Days after promising Wi-Fi for all family shelters amid concerns of poor internet access for homeless students, city officials revealed that most shelters won’t be connected until the summer, when the school year will have ended.
The news angered homeless advocates, who had hoped the city would move more quickly. They have long been demanding better connectivity at shelters, and increased their calls last spring when the coronavirus pandemic forced students to conduct most, if not all, of their learning online.
Officials have still not offered a concrete timeline for this work, but have said they set an “aggressive” goal to bring Wi-Fi by the winter to 27 shelters with the most glaring connectivity issues. That includes 11 shelters managed by the city’s largest operator, Women In Need, or Win, wrote Martha A.Calhoun, the city’s general counsel, in a letter Thursday to the Legal Aid Society. The nonprofit legal group had threatened to sue the city over lack of internet access for homeless students.
That could, however, leave about 200 remaining family shelters, including domestic violence shelters and planned new sites, waiting to get online until the summer.
City officials said they were expediting the project to get it done as fast as possible. In surveys of buildings that started last week, officials have so far found that most shelters have no cable running to individual apartments or any infrastructure to support cabling. That will require more work to install the Wi-Fi, according to Calhoun.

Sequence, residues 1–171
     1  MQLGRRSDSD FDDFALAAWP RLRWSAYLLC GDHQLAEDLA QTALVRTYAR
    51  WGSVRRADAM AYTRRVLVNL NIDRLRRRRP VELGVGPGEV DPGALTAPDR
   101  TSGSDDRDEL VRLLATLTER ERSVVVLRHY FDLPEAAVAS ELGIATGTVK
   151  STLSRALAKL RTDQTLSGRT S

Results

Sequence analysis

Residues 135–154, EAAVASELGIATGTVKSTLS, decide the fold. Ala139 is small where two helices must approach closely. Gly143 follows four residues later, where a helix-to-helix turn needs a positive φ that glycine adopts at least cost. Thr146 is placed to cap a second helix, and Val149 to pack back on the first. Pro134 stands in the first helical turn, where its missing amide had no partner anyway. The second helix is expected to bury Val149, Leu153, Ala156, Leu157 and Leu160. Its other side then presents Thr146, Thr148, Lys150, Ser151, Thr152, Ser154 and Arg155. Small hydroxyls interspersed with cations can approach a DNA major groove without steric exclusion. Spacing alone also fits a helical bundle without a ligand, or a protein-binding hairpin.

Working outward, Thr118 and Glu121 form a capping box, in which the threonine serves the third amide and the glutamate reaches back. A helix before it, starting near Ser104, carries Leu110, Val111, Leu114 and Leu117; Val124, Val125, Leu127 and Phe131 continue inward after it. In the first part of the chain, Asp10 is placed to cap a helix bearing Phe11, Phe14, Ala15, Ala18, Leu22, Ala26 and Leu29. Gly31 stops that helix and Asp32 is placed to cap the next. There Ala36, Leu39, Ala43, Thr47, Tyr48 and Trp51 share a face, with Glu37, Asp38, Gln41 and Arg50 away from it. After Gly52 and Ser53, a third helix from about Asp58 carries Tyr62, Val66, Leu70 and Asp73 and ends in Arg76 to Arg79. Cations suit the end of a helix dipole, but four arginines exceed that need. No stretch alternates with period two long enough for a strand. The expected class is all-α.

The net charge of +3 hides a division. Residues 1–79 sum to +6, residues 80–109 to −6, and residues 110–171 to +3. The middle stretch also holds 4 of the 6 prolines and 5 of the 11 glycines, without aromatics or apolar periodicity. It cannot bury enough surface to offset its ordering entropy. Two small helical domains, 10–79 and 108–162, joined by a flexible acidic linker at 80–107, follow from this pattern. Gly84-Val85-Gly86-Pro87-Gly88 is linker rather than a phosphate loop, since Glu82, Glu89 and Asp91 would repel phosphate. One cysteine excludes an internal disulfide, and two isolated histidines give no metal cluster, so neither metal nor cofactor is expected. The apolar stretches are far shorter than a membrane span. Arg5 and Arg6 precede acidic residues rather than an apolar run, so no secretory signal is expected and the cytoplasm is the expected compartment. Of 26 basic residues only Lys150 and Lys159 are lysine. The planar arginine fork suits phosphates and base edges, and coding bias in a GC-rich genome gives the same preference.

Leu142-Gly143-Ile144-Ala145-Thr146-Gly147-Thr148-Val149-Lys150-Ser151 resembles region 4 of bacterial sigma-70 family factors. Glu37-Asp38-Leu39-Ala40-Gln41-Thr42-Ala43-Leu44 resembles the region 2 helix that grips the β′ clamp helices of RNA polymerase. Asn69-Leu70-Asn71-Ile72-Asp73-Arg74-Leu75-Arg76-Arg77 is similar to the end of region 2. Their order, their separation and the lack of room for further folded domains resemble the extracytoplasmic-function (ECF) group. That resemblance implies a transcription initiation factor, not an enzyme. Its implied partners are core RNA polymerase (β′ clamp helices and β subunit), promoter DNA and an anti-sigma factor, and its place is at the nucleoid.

“For context, under normal circumstances, a massive build-out like this could easily take over two years to complete,” Calhoun wrote, revealing other details not publicly announced, such as the city’s intention to work with cable companies Altice and Charter Communications. (Late Thursday, a city spokesperson confirmed the details in Calhoun’s letter.)
The city’s potential timeline means families in shelters will “continue to grapple with shoddy internet for weeks and months, impairing access to remote learning,” Susan Horwitz, supervising attorney of Legal Aid’s Education Law Project, wrote in a statement. The Legal Aid Society was prepared to take legal action, she said.
Such a wait could have been avoided if city officials had worked sooner to bring Wi-Fi to these buildings, according to Horwitz.
Brooklyn Borough President Eric Adams, who is running for mayor, questioned why it would take the city so long to implement the plan. He tweeted that it was “a civil rights violation, plain and simple.”
To connect students over the spring and into the fall, the city spent about $400 million to purchase 450,000 iPads with T-Mobile cellular plans so they didn’t need Wi-Fi to operate.
Since the pandemic hit, many students in shelters have struggled to find reliable internet access or cellular coverage for their city-issued iPads, which connect to the internet through a cellular plan with T-Mobile. Most shelters do not have Wi-Fi, and many shelter operators report that their buildings have poor access to T-Mobile, leaving many families unable to log on. In the past few weeks, technicians visited sites and in some cases found that Verizon would work better, advocates said. To date the city has switched 324 iPads from T-Mobile to Verizon, a city spokesperson said.
Asked about the letter, de Blasio told reporters on Thursday that as the city figures out a timeline, technicians will change service providers on iPads at shelters with connectivity issues within 24 hours of a reported complaint.
“We do know that in some cases it was simply a matter of changing providers, that some providers have better reach, and we want to be able to make sure that every child has started.” de Blasio said.
The education department has also created a dedicated IT desk for students in shelter to address connectivity or other technical issues with the iPads, Calhoun said.
Randi Levine, policy director at Advocacy for Children New York, said her organization has been working with homeless families who have been waiting more than a month for technical assistance.
She said she’s “very hopeful” that families will get quick help and plans to monitor the city’s response.